Considering the prescription status at our hospital, we defined CPS as a conventional potassium binder. All patients aged ≥18 years who have newly started ZSC or CPS in our hospital between May 2020 and July 2022 were included in the study. CPS comprised ARGAMATE 20% JELLY 25 g (Astellas Pharma Inc.), CALCIUM POLYSTYRENE SULFONATE 20% Oral Jelly “SANWA” (Sanwa Kagaku Kenkyusho Co., Ltd.) or Kalimate Oral Solution 20% (Kowa Pharmaceuticals Co., Ltd.). ZSC only included Lokelma 5 g or 10 g powder for oral suspension (AstraZeneca, plc.). Precisely assessing the effect of potassium binders in patients with acute hyperkalemia may be difficult because insulin-glucose infusion or beta-2 adrenergic agonist inhalation is often involved. Therefore, we excluded patients who had been treated for <4 weeks to evaluate the effects of potassium binders in the post-acute phase. The other exclusion criteria were: estimated glomerular filtration rate (eGFR) > 60 mL/min/1.73 m2; patients on dialysis; and missing data on K+ level before or after administration. This was a single-center retrospective cohort study. All protocols were reviewed and approved by the Keio University School of Medicine Ethics Committee (approval no.: 20221131). Informed consent was obtained using the opt-out method available on the website.

Clinical parameters

We collected the following demographic and anthropometric data from medical records: age, sex, disposition status (inpatient or outpatient), comorbid conditions, and primary cause of CKD. Data of medications associated with serum potassium level (RAS inhibitors, mineralocorticoid receptor [MR] blockers, loop diuretics, thiazide diuretics, beta blockers, or sodium bicarbonate), body weight (BW) (kg), and blood pressure (mmHg) were also collected. The comorbidity score was assessed using the Charlson Comorbidity Index (CCI). Additionally, we collected biochemical data on potassium binder initiation and the first follow-up, 4 weeks after administration. These biochemical data included serum levels of albumin (g/dl), urea nitrogen (mg/dl), creatinine (mg/dl), sodium (mEq/l), chloride (mEq/l), potassium (mEq/l), calcium (mg/dl), and phosphorus (mg/dl). Additionally, eGFR (ml/min/1.73 m2) was calculated using the 3-variable Japanese equation: eGFR = 194 × serum Creatine−1.094 × Age−0.287 (×0.739 if woman) (19). The corrected calcium level was obtained for the lower range of albumin using Payne's formula: corrected total calcium = total calcium + (4.0—albumin) (20). Since data of serum bicarbonate level was unavailable, sodium minus chloride level was used as a surrogate marker for evaluating metabolic acidosis (21).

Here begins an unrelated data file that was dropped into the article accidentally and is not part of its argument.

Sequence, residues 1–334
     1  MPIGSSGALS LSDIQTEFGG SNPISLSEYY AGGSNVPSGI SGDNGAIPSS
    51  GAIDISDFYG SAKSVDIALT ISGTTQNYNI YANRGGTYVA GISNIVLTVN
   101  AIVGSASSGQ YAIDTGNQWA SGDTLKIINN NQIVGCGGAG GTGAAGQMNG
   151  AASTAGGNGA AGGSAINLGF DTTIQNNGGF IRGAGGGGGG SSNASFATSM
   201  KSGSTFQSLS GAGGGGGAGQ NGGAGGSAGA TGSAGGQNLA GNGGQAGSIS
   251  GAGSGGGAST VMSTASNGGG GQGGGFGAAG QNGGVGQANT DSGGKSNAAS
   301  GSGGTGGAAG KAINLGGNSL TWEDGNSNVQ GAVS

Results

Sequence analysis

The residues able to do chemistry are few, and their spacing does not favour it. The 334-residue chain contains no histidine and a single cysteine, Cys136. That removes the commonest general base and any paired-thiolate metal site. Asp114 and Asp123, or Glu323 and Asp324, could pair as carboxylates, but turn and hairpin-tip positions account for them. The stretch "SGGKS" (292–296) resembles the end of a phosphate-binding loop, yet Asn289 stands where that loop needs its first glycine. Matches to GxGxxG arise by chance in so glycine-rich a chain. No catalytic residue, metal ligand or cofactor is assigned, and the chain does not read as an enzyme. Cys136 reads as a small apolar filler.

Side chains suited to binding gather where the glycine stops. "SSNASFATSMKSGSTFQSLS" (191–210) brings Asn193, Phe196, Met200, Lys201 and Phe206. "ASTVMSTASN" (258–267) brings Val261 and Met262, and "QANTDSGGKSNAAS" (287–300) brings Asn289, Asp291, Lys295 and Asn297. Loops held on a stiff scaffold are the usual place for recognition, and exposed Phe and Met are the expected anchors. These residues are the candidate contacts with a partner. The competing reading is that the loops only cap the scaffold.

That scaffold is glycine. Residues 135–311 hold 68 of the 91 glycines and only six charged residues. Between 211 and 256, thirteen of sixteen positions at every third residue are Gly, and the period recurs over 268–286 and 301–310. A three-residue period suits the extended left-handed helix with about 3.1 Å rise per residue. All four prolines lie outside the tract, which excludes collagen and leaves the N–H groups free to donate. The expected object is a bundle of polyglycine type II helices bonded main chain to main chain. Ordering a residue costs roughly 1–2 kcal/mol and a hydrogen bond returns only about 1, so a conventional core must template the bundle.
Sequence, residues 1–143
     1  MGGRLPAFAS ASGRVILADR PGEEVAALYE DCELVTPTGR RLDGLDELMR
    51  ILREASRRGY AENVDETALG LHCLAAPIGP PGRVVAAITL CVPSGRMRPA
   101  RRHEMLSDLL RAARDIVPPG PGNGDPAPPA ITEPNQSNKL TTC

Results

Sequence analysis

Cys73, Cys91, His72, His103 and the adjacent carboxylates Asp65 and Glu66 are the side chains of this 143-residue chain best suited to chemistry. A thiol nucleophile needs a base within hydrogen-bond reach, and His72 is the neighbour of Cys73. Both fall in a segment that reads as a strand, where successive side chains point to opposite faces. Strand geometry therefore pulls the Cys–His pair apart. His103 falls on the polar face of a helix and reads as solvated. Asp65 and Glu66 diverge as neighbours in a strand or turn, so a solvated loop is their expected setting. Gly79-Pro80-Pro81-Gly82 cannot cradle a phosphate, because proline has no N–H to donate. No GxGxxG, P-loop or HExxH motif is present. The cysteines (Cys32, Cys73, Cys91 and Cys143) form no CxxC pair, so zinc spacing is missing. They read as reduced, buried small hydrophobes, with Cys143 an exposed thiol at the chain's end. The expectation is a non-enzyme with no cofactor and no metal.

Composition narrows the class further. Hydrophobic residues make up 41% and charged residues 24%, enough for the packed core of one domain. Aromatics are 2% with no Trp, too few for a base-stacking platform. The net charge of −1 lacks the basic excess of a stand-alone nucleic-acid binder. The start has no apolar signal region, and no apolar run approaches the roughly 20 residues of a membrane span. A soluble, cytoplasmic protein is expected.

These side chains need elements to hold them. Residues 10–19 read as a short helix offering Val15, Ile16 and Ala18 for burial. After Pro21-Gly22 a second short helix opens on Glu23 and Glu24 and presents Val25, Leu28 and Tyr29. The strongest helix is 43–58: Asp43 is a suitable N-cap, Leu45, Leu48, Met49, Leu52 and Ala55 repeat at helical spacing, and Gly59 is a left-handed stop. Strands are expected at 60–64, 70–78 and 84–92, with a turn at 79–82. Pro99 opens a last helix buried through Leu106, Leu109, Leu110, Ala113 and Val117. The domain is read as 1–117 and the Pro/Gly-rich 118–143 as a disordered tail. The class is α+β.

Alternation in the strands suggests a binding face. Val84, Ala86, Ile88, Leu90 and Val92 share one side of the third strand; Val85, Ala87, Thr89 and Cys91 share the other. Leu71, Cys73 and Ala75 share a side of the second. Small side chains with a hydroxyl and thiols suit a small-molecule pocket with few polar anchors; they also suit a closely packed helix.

Daily drug cost for CPS and ZSC was calculated using the following values: 68.4 JPY/pack for ARGAMATE 20% JELLY 25 g, 61.4 JPY/pack for CALCIUM POLYSTYRENE SULFONATE 20% Oral Jelly “SANWA”, 66.1 JPY/pack for Kalimate Oral Solution 20%, 1,069.3 JPY/pack for Lokelma 5 g and 1,567.0 JPY/pack for Lokelma 10 g (22, 23).

To evaluate tolerability, we reviewed electronic medical records to determine whether the patients continued each potassium binder beyond the follow-up point. Additionally, if discontinued, we evaluated the reasons for cessation.

Statistical analyses

Continuous variables are expressed as medians (25th to 75th percentiles). Binary variables are expressed as percentages. Differences between the patients receiving ZSC and those administered CPS in normally and non-normally distributed continuous variables (assessed using the Kolmogorov-Smirnov test) and binary variables were evaluated using the unpaired Student's t-test, Mann–Whitney U test, and Fisher's exact test, respectively.

Propensity score matching was employed to adjust for confounding variables and reduce treatment selection bias. We included the following clinically potential predictors of changes in K+ levels and selection of potassium binder type as independent variables: age, sex, BW, CCI, baseline eGFR, baseline K+ level, and use of RAS inhibitors. Propensity scores were calculated using a logistic regression model based on these variables. Subsequently, the ZSC and CPS groups were matched 1:1 on the logit of the propensity score using calipers with 0.2 standard deviation of the logit of the propensity score (24).

In a sensitivity analysis, a linear mixed effect model analysis was performed to evaluate the K+-lowering effect of ZSC. Fixed effects were time (baseline and follow-up) and time × potassium binder type besides variables that were selected for the above-mentioned propensity score, and random effect was participant number. Moreover, changes in sodium minus chloride levels, corrected calcium levels, phosphorus levels, urea nitrogen levels, creatinine levels, and eGFR were evaluated using a linear mixed effect model with each baseline value added to the fixed effects. Outcomes of these models are expressed as estimated marginal means (95% confidence interval).

All statistical analyses were performed using SPSS version 27 (IBM Inc., Armonk, NY, USA) and EZR, which is a graphical user interface for R (The R Foundation for Statistical Computing) (25). All P-values were two-sided, and those < 0.05 indicated statistically significance.